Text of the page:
“The Rock,” Dwayne Johnson, built his entire career playing superhero. From his nickname and physical build he always seemed to be some kind of flesh and blood version of Ben Grimm aka “The Rock Man” from the Fantastic Four. Finally, and after many years as a superhero without papers, he managed to be part of the DC universe. Black Adam is a new superhero who somehow tries to renew the staff of a team that seems to depend a lot on what the Dark Knight or the Man of Steel can contribute, seconded in recent years by some good film versions of Wonder Woman and Aquaman . Of commoner origin, the leading character of the film expresses his rejection of the oppression that the ruling classes exert on the dominated classes. It all begins in the year 2800 BC, when a despot king keeps the population of a fictional country under a predictable tyrannical rule.
Then some sorcerers will give him powers with which our hero will face the tyrants on duty. That old spell will be the one that in turn the heroine of the film, played by Sarah Shahi -a remarkably wasted character-, will discover millions of years later and the one that will take our hero to the present time. The beginning of the film undoubtedly refers to the libertarian spirit of Spartacus to pass without a solution of continuity to the present, integrating the origin of history into the contemporary world. Once the story takes place in the present tense, that genesis will intersect with the anarchic spirit of the Suicide Squad saga without the subtleties that Gunn brought to this franchise.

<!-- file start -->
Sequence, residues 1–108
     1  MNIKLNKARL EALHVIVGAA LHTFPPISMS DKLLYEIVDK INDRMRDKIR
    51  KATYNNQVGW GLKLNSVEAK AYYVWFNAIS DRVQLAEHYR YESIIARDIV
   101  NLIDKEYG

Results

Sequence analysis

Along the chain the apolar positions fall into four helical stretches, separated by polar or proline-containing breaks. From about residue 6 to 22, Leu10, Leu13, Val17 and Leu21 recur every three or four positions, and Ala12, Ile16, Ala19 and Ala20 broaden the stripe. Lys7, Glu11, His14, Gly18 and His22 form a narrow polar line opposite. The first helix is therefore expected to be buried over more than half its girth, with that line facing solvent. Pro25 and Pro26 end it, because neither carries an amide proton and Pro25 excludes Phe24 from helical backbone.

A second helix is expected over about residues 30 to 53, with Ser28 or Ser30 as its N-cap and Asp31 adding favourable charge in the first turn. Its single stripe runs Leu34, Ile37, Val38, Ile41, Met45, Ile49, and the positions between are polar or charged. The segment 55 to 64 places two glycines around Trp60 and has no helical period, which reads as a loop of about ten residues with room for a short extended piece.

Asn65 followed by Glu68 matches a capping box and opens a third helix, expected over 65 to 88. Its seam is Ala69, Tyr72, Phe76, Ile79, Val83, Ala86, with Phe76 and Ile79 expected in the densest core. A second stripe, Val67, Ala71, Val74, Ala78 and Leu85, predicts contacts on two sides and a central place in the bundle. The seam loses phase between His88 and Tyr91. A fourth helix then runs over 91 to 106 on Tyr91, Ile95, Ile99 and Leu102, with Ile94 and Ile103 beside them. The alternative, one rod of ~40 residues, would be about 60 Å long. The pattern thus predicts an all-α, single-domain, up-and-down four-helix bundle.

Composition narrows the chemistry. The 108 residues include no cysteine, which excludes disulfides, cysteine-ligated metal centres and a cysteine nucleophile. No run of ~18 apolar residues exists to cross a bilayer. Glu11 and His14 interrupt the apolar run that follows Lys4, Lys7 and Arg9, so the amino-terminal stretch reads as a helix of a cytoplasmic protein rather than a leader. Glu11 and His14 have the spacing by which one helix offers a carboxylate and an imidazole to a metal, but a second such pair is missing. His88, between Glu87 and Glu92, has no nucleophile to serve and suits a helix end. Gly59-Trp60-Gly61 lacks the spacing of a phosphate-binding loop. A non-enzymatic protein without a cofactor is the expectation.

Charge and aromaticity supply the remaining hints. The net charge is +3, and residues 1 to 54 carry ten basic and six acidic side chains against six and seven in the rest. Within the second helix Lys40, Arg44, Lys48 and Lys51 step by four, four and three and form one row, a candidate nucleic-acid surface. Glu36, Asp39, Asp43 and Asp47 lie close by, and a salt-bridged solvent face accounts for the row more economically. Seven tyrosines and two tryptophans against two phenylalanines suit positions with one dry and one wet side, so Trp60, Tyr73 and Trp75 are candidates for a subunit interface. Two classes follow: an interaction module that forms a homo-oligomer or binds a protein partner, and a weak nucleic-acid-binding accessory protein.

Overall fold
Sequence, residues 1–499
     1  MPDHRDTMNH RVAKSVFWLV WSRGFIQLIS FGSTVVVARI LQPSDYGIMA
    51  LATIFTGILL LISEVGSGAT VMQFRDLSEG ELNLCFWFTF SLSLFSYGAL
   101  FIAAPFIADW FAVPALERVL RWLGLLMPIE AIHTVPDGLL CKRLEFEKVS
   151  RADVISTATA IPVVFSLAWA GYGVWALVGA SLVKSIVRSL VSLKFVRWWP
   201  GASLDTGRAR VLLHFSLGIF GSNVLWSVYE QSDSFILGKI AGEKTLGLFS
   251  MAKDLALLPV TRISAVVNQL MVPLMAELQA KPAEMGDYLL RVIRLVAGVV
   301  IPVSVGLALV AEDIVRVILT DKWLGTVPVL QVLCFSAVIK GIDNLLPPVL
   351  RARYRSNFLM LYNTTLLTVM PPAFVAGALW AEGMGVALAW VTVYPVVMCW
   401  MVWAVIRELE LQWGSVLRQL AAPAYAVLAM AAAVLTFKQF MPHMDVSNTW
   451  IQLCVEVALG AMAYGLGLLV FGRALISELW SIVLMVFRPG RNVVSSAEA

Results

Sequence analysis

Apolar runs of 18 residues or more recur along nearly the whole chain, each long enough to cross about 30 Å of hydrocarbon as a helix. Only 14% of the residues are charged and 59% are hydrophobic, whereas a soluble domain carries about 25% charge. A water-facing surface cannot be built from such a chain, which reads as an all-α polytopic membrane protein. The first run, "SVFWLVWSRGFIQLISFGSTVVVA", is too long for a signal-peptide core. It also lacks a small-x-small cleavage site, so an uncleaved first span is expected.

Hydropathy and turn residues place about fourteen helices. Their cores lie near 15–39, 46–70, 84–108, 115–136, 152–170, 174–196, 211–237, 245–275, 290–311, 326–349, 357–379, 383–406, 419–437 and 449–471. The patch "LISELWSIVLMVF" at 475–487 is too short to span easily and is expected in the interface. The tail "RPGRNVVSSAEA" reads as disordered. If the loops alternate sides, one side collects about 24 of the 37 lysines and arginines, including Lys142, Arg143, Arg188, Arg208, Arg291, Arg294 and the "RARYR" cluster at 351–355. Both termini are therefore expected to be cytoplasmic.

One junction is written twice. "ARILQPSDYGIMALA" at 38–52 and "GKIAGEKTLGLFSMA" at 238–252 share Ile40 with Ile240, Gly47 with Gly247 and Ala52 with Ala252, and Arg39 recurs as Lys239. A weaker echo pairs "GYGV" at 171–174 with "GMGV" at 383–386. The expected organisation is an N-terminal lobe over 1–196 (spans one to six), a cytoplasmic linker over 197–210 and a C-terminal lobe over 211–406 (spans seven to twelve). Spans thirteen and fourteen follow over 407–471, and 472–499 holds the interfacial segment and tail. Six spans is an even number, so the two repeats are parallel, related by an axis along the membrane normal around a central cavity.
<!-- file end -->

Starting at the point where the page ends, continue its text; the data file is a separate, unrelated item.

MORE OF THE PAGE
Black Adam plays with the implausible and something of that canchero tone is what allows the story not to be crushed by a sea of solemnity (as happened ostensibly in batman vs superman and in many of Zack Snyder’s movies).
In Collet-Serra’s film there are no transitions between the two temporalities and that is perhaps the main problem with the story. Another notorious difficulty is that some of the characters who support the good of The Rock lack any kind of dramatic interest. In suicide squad It is the group and the particularities of each one of the team members that makes said team interesting. film retaking the adventurous spirit of great films of the genre such as gallows twelve (Robert Aldrich, 1966) or The big escape (John Sturges, 1966). That group plot is not fully developed in Collet-Serra’s film. The bad guys are bland and unrememberable, and in a superhero movie the villain has to be someone to remember. Gene Hackman as Luthor in the founding Superman of Donner, Jack Nicholson in the Batman by Tim Burton and Heath Ledger in the second part of Nolan’s hooded trilogy are perhaps the main examples of the vital role that evil plays in the film adaptations of the classic heroes of the DC comics. In Black Adam that doesn’t happen. The villains are forgettable and the hero’s past is thus reduced to an argumentative excuse to mount the dispute between the forces of good and evil. The justice society will be the group that will be formed first to face this kind of anti-hero and then to accompany him in the final battle. Within the team, Doctor Fate stands out, played by Pierce Brosnan, who is a kind of sorcerer similar to Marvel’s Doctor Strange. Brosnan’s character is well outlined and manages to move without falling into any kind of bombast or cheap shot. Doctor Fate somehow is the one who sustains the plot at a time when the film could have entered into a narrative drift. The other character that sustains the tension of the story is the Hawkman played by Aldis Hodge.